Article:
2) In a year full of personal and professional turmoil it was always nice to come home to the familiar bellow of a hungry Mr. Max. And much as it was desirable not to make any more changes, we added a new wrinkle to his dinnertime. Before I put his dinner dish down, I make him twirl in circles following his supper as it orbits his body. Don't call the Humane Society quite yet- I swear the two of us have the mostest fun.

1) Mom

Monday, December 20, 1999

Whew, This Dream is Over

Happy Holidays! I sincerely hope you and yours are having a good one. If I may interrupt for a second I have a question for all you dream interpreters out there. Friday night I had a doozy and would appreciate someone (anyone) telling me what it meant. I dreamt it was an unbearably hot summer day. My brother and I decided to do the smart thing and go out to the Dairy Queen to get a snack. We hopped into a white convertible (I don't think I've actually ever been in a convertible) and headed out to what I thought was the neighborhood DQ. But my brother drove right by it and I didn't question why, figuring he knew what he was doing. We kept passing DQ after DQ, many of which I never knew existed. I finally asked him where he was going and he told me we were going to the one by his house in Eagan. This seemed a tad peculiar since we had planned to eat the ice cream back at my house in St. Paul.

We got on the freeway and the flowing overhead open air wasn't much of a relief against the stifling heat. We then got underneath a flock of geese. I was worried about being below them with no roof over us. What they might drop turned out not to be our biggest worry however. The huge squawkers kept swooping down closer and closer. Finally a couple of them darted at us, pulling up just before they got within reach. One brave goose however tested the line and he dove down between my brother and myself. Right as he got within arms' reach I flapped my own arms like crazy to drive him away. At this point I woke up and found I had flung the covers of my bed briskly toward the ceiling. Problem was Mr. Max was sleeping soundly, as he often does, on the blankets covering my stomach. He thus had been rudely awaken by being catapulted upwards. He of course pranced into the other room figuring his domestic associate had finally lost it. I had to get up, bring him back all the while both sweating and apologizing profusely. And that, my friends, is how I mistook Mr. Max for a goose.

The Second Greatest Song in the World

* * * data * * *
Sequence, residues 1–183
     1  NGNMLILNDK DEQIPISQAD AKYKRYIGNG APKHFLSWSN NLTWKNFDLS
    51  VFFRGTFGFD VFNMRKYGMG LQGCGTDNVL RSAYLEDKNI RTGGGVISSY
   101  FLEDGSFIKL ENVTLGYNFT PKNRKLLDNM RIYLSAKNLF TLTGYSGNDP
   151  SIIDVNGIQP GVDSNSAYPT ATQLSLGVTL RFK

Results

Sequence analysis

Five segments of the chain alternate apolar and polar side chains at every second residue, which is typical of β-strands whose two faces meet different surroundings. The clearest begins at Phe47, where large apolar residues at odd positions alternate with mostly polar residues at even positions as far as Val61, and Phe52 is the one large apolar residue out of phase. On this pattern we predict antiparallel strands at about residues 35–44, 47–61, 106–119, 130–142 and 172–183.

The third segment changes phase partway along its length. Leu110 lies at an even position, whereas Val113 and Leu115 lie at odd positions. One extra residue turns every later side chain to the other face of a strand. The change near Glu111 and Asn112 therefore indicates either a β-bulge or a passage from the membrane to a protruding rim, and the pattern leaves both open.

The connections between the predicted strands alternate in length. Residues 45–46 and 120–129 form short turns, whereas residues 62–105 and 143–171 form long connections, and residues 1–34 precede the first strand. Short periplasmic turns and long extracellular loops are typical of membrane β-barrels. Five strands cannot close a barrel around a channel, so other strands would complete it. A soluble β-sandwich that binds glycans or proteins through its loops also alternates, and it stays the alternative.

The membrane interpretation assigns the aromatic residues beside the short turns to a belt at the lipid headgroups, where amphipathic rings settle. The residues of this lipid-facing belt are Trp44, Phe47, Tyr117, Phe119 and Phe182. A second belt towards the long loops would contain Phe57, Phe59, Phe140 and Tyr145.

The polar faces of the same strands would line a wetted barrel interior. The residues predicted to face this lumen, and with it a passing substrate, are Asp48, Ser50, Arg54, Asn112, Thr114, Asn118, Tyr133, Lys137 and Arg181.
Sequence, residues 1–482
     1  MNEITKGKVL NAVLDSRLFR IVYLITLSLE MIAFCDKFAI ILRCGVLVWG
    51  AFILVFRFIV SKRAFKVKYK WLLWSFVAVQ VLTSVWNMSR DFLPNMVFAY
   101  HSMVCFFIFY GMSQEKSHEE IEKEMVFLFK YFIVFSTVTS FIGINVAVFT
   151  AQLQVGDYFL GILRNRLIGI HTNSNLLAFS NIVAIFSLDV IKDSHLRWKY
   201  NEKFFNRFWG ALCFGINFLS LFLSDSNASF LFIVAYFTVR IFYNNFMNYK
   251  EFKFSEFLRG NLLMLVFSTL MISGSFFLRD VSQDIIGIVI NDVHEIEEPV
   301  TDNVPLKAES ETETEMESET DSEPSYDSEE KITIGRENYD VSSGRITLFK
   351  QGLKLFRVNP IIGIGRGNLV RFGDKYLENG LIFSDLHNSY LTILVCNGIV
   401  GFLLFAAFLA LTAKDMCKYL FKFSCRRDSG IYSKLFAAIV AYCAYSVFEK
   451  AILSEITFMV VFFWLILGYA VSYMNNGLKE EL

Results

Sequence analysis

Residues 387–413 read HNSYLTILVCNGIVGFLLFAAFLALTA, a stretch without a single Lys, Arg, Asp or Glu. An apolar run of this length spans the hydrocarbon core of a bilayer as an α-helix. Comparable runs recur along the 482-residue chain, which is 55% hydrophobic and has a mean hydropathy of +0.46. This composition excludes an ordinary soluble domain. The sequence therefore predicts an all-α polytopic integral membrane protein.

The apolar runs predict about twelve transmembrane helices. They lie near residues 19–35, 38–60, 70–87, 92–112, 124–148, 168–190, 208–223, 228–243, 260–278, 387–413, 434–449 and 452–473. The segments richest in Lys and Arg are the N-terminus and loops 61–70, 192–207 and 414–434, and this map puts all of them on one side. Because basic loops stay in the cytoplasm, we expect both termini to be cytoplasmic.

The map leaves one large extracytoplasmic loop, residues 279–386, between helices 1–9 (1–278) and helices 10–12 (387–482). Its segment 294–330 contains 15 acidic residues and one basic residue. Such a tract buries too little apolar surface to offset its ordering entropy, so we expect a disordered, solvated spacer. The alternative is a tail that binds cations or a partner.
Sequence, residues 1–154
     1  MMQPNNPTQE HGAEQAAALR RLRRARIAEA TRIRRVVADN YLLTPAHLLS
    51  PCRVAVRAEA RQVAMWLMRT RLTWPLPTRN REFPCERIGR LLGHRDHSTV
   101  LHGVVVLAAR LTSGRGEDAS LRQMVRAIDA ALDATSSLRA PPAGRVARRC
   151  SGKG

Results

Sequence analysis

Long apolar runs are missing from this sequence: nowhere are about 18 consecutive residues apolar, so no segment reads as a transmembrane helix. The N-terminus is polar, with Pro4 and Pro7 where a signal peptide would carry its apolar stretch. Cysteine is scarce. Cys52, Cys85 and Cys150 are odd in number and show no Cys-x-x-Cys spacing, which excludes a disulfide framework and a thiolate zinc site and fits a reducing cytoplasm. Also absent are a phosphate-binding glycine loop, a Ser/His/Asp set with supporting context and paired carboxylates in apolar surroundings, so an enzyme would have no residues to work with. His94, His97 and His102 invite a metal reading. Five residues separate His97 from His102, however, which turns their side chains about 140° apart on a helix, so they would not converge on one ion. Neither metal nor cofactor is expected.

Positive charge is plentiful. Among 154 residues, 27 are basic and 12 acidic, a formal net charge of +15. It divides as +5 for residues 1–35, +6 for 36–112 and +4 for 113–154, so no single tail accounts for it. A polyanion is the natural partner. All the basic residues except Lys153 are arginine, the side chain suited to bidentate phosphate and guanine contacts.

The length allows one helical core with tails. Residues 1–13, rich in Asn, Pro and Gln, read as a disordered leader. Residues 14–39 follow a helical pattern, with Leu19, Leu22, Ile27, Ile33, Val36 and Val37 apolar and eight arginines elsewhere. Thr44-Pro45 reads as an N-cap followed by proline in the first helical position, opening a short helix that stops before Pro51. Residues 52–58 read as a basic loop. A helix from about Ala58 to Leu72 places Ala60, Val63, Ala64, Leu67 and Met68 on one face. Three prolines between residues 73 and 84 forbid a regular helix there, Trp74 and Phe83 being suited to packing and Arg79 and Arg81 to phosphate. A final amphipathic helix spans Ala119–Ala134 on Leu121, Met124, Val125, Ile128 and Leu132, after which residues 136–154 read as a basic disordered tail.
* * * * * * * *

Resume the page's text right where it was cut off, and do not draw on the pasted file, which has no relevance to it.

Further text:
Come a rainstorm put your rubbers on your feet,
Comes a snowstorm you can get a little heat;
Comes love nothing can be done

Having listened to literally dozens of songs in my life, I'm often approached by women wearing strange hats who inquire, "What do you think is the second greatest song of all time?" I'm not quite sure how or why the lasses zoom in on me. Maybe I look like a fellow who must just know what it means to be second best. But when asked I do not hesitate in my answer. Even under the pressure of a skunk-eyed glare of one Regis Philbin probing if this is my "final answer" I still would never change my mind. Nope, no way. I've heard this particular song too many times to know that I am right. And every time I hear it my heart and soul coalesce.

Comes a fire then you know just what to do,
Blow a tire you can buy another shoe,
Comes love nothing can be done.

Comes Love was written by Charlie Tobias, Lew Brown and Sam Stept, with the most famous versions being by Artie Shaw and Benny Goodman. But the quintessential rendition is without a doubt, Billie Holiday's. Like just about every other song that Holiday chose to sing, her cover compared to all the others is like a brick of Gouda set next to aerosol cheese. Her vocals caress the melody and words wrapping itself around the feelings evoked, extracting all the inherent irony and melancholy with great passion.

Don't try hidin 'cause there isn't any use,
You'll start slidin when your heart turns on the juice.

The song uncovers the undeniable truth that all life predicaments we bitch and moan about, no matter their inconvenience have a solution or alternative except one- love. The song's list of human struggles is universal yet creative- from the weather and elements to varmints and ailments. At the end of the list is a declaration that once you fall in love, your doomed future has already been written.

Comes a headache you can lose it in a day,
Comes a toothache see the dentist right away;
Comes love nothing can be done

The subtle deadpan surety of Holiday's delivery is echoed in the bridge by a simmering trumpet solo from Harry "Sweets" Edison, and its accompanying understated guitar solo by Barney Kessel, which combined sound like two wised grizzled men standing in the corner nodding their heads in agreement with the singer. The geometric bass playing of Joe Mondragon and drums by Larry Bunker lay a shifting foundation underneath it all.

Comes a heat wave you can hurry to the shore
Comes a summons you can hide behind the door;
Comes love nothing can be done.